Dell's Aims New Tablet PC At Small And Midsize Companies
At the unveiling of Dell's new Latitude XT tablet PC last nite, I was told that the time was finally right for tablets to find a home in general applications in smaller companies. I'm not buying it.
At the unveiling of Dell's new Latitude XT tablet PC last nite, I was told that the time was finally right for tablets to find a home in general applications in smaller companies. I'm not buying it.And, I suspect, neither will most small and midsize companies.
Sure, the device is way cool. As Antone Gonsalves points out in InformationWeek, the Latitude XT weighs 3.5 pounds and features a 12.1-inch daylight-viewable screen. (In the darkened balcony of the restaurant where the rollout was held, the screen blazed like searchlight.) In a few minutes of playing with the machine, I thought the touch screen worked great - even when you didn't actually touch it!
Dell rep David Lord tried to explain that new technology like Windows Vista and available 32GB and 64GB flash-based hard-drives coupled with a new generation of tech-savvy corridor cruisers would finally push tablets out of the field-worker ghetto and into the hands of mainstream office workers.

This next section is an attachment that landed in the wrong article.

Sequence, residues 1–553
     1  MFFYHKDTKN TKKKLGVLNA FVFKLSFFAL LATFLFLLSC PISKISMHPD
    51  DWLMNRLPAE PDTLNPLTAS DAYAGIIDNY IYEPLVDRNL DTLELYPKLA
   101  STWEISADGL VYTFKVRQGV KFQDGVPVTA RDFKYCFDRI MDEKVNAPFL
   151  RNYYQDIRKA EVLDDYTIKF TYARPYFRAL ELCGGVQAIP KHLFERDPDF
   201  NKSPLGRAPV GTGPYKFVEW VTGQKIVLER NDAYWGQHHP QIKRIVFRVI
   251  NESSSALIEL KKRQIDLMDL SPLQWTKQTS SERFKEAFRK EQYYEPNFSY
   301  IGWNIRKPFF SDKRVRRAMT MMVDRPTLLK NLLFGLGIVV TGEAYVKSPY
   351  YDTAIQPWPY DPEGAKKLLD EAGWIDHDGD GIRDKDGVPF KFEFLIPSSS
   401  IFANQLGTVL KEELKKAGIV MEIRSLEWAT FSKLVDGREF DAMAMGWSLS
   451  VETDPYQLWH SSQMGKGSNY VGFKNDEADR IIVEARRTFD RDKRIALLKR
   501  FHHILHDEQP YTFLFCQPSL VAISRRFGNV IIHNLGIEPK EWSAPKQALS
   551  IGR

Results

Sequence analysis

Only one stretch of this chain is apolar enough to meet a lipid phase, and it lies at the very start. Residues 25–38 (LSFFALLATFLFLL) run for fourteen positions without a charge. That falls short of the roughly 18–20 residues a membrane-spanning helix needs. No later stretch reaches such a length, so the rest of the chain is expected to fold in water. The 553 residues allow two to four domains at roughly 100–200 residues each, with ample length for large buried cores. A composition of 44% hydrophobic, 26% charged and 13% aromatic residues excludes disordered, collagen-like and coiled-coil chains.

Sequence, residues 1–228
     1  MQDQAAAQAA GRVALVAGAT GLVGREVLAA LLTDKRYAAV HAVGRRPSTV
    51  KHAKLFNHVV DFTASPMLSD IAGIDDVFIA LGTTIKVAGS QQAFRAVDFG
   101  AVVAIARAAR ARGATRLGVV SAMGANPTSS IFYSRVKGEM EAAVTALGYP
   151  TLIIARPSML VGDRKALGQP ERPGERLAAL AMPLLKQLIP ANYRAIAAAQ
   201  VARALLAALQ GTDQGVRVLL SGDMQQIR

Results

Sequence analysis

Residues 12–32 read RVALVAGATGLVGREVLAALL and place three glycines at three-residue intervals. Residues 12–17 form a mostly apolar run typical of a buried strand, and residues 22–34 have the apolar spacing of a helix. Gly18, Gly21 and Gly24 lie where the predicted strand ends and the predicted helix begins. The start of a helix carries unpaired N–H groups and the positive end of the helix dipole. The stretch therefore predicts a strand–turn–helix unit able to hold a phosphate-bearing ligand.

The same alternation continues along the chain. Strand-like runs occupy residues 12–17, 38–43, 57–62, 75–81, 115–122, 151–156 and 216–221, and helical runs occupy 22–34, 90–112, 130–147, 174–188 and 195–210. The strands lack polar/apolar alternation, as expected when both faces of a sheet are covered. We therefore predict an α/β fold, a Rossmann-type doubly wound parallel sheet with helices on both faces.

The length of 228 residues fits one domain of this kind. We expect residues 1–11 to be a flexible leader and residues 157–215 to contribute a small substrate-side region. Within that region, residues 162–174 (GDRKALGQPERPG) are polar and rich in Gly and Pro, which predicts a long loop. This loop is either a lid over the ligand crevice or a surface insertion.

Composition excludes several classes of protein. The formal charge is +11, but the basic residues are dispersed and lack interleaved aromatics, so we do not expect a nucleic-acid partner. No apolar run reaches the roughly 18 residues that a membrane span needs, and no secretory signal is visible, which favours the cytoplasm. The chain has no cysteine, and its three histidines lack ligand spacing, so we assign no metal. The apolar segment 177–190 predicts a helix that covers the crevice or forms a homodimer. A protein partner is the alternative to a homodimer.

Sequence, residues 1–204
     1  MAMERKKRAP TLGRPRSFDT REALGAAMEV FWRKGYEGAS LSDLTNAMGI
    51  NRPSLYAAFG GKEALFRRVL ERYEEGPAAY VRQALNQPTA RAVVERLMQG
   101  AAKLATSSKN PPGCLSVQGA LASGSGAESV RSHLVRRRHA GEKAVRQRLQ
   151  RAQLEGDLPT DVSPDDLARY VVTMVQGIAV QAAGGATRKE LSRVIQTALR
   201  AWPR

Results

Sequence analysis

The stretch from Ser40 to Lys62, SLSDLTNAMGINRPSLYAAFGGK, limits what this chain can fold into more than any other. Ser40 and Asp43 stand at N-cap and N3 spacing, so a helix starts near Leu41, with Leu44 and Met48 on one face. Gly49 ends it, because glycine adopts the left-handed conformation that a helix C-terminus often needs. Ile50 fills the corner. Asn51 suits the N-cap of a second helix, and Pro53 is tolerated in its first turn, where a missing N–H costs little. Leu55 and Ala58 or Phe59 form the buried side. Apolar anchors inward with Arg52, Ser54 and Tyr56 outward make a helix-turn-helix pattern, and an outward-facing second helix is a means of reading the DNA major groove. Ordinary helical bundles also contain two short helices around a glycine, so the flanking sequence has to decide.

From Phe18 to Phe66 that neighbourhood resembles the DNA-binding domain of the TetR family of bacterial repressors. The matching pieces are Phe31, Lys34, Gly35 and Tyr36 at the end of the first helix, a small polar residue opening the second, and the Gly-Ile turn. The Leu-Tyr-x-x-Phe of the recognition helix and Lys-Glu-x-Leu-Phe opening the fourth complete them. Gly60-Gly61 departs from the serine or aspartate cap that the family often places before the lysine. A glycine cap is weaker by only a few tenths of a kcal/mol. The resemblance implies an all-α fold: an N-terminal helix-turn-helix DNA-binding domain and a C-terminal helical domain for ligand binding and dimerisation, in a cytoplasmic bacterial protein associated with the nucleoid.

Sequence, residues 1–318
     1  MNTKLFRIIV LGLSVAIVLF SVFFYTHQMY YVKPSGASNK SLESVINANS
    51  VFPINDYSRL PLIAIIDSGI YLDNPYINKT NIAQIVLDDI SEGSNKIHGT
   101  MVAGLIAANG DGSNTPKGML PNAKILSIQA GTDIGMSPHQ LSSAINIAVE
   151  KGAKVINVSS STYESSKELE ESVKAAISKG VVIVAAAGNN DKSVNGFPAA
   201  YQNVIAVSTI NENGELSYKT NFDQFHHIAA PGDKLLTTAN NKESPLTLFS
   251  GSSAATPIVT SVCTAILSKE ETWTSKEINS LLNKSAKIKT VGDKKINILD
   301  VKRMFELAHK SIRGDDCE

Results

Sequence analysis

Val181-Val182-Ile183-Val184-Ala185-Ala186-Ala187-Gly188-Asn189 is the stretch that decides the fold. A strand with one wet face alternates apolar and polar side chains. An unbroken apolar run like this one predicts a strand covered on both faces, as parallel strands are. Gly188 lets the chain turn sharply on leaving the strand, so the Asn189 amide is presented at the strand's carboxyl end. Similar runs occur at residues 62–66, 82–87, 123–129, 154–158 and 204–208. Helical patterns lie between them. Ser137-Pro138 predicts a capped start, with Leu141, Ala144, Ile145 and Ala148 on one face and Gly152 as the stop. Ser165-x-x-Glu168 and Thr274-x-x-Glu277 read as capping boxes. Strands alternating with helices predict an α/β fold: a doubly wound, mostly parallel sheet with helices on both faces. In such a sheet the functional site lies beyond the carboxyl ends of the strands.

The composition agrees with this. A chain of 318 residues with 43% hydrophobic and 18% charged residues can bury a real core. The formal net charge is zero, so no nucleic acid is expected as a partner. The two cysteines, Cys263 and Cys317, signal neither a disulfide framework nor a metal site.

But at a starting price of $2,500 for a standard 1GB of memory, 1.06GHz Intel Core 2 Solo ULV processor U2100, and regular 40GB hard drive, most companies will have to demonstrate a specific need for tablet functionality before springing for one of these babies.
Like most gadget freaks, I'd take one in a heartbeat. But not if it comes out of my budget.
So, while large enterprises might find enough slack in their bottom lines to afford Dell's latest toy, smaller companies watching their pennies are likely to continue taking a pass on tablets. And much as I hate to say it, that's probably the right move.
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The UC Infrastructure TrapWorries about subpar networks tanking unified communications programs could be valid: Thirty-one percent of respondents have rolled capabilities out to less than 10% of users vs. 21% delivering UC to 76% or more. Is low uptake a result of strained infrastructures delivering poor performance?